Are Chiropractors Doctors?

You may have read or heard that chiropractors are not "real" doctors, but this is not exactly true. As opposed to a medical degree, they obtain a Doctor of Chiropractic degree and are considered doctors of chiropractic care (via Cleveland Clinic). Chiropractors and medical doctors offer different forms of treatment that require different areas of knowledge. A chiropractor focuses on treating, diagnosing, and preventing disorders of the spine as well as other areas of the musculoskeletal system (via Cleveland Clinic). Medical doctors can practice in any field of medicine after completing their medical degree and an applicable residency, and they are able to prescribe medication and perform surgery (via WebMD). 

Just like medical doctors, chiropractors must go to college. Most of them complete four years of undergraduate study and eight years of higher education before becoming licensed. After that, most will go on to attend a four-year chiropractic graduate program. By the end of their education, they will have undergone as many hours of training as medical doctors (via Medical News Today). 

What are the benefits of chiropractic treatment?

Conditions commonly treated by a chiropractor include neck pain, back pain, and headaches (via WebMD). A chiropractic session is hands-on, with the chiropractor generally "adjusting" bones, joints, and muscles in an attempt to help the body heal itself. Most chiropractic treatments focus on realigning, or manipulating, the spine. Ordinarily, patents lie on a table while the chiropractor works. Some therapy involves twisting, while other treatments are more gentle (via Healthline).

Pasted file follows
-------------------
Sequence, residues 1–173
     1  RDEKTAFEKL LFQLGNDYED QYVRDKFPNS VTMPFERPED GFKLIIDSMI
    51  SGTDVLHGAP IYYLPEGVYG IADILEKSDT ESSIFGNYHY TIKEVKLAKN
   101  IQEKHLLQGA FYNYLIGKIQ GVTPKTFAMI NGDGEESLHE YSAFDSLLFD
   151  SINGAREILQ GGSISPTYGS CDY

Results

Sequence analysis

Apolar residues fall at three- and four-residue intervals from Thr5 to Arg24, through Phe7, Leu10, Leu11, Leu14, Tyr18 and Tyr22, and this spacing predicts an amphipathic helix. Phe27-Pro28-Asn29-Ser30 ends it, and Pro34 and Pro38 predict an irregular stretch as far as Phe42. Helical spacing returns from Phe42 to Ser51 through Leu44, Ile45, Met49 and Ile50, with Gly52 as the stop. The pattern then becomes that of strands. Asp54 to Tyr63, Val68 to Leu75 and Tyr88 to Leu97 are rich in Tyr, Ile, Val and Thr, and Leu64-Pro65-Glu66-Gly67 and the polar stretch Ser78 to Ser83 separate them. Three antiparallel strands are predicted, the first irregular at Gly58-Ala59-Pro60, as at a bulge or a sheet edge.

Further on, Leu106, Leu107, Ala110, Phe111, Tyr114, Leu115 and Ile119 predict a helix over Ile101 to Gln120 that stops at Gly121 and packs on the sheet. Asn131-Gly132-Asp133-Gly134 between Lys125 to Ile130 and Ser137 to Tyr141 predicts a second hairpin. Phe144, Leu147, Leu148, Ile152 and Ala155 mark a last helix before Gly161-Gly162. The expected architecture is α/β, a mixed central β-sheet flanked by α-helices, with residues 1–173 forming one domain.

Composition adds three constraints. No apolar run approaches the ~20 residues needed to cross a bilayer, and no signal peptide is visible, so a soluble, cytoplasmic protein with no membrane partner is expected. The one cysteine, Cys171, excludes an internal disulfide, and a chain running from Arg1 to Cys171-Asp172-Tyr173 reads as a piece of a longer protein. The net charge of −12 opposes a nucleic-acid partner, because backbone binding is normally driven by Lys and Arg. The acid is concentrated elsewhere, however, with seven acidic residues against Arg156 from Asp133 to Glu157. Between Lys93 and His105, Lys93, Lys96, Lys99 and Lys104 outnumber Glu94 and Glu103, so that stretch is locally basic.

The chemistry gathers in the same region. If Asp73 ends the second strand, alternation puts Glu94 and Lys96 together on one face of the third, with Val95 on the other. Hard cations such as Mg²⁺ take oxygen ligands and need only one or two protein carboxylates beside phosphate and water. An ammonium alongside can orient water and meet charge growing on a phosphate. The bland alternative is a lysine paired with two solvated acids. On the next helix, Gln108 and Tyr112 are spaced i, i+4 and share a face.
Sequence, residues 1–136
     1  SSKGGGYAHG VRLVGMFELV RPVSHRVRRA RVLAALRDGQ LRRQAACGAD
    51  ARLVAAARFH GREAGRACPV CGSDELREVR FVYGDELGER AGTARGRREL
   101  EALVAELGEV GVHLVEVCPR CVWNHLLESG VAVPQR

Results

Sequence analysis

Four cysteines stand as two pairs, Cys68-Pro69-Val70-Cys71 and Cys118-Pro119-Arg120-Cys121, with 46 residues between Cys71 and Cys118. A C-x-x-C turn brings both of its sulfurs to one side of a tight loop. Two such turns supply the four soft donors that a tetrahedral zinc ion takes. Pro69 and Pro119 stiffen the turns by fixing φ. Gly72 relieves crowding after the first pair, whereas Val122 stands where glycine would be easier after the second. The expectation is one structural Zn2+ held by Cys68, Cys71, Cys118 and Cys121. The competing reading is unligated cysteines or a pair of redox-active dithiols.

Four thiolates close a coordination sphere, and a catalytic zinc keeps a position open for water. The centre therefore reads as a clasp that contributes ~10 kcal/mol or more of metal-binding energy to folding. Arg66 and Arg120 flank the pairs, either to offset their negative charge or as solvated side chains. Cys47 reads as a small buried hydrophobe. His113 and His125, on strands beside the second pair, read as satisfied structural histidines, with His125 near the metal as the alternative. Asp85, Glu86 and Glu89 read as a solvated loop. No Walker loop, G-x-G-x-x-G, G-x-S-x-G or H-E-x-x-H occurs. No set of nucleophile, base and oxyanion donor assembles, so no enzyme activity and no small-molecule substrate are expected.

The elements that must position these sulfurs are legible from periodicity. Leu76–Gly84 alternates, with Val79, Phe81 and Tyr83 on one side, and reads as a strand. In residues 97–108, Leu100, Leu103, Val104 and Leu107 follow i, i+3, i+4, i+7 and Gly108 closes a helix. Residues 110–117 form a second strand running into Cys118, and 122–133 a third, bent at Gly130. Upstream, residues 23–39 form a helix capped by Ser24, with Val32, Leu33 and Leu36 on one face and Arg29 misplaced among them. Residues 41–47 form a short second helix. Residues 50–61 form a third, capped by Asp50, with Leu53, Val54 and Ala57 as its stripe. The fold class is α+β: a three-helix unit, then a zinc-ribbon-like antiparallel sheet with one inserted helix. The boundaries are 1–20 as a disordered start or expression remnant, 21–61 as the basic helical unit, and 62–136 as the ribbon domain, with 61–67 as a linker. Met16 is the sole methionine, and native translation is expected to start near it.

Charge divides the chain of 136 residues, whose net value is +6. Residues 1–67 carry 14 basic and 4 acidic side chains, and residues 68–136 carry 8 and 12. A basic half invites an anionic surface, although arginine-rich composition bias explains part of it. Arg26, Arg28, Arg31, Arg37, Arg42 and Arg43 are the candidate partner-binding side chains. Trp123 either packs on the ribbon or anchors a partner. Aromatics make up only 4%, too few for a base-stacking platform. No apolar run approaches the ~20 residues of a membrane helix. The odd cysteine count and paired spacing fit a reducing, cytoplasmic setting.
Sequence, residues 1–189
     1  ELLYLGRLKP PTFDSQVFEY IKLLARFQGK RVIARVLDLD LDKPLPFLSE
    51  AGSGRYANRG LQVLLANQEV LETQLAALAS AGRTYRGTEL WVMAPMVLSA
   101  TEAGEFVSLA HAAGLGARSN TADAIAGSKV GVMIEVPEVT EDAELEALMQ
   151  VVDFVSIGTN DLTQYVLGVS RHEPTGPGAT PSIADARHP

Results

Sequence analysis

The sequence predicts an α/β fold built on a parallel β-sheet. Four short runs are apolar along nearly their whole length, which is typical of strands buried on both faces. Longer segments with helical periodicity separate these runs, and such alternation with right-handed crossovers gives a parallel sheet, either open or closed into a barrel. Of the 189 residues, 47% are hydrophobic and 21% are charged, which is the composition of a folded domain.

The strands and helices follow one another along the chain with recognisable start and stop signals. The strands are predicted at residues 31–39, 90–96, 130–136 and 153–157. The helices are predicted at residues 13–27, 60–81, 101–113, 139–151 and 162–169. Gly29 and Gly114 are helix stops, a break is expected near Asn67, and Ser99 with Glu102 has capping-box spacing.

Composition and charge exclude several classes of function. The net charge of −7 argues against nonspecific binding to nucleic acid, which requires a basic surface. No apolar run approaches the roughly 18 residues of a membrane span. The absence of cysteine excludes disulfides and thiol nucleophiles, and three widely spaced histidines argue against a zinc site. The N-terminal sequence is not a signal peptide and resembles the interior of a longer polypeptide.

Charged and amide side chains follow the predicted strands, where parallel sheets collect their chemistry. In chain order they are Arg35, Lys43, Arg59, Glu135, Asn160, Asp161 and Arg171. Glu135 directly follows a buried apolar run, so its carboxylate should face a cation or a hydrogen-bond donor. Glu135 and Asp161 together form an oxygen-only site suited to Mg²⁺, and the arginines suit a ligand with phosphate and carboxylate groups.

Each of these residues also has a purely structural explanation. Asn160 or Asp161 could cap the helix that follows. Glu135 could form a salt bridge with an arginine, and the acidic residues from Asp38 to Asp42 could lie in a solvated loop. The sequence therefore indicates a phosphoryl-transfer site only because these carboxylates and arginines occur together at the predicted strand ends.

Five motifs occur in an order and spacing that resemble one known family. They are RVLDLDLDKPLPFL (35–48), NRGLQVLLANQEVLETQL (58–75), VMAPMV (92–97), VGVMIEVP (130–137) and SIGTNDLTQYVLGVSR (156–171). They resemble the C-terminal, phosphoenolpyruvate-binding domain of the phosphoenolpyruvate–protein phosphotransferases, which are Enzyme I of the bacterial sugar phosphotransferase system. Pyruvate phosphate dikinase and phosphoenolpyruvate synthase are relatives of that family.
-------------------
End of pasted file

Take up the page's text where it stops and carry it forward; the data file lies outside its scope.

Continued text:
If you're wondering if these kinds of treatments work, research indicates that they do. According to Healthline, study from 2019 showed that spine manipulation improved neck pain, and in 2016, research demonstrated that chiropractic treatment relieved headache pain. In addition to that, the American College of Physicians advises physicians to recommend chiropractic care for lower back pain before considering any type of pain medication.

Chiropractic care is not safe for everyone. It is not recommended for people with inflamed joints, circulation problems, broken or sprained bones, bone diseases or infections, or an infection of their nervous system (via Medical News Today).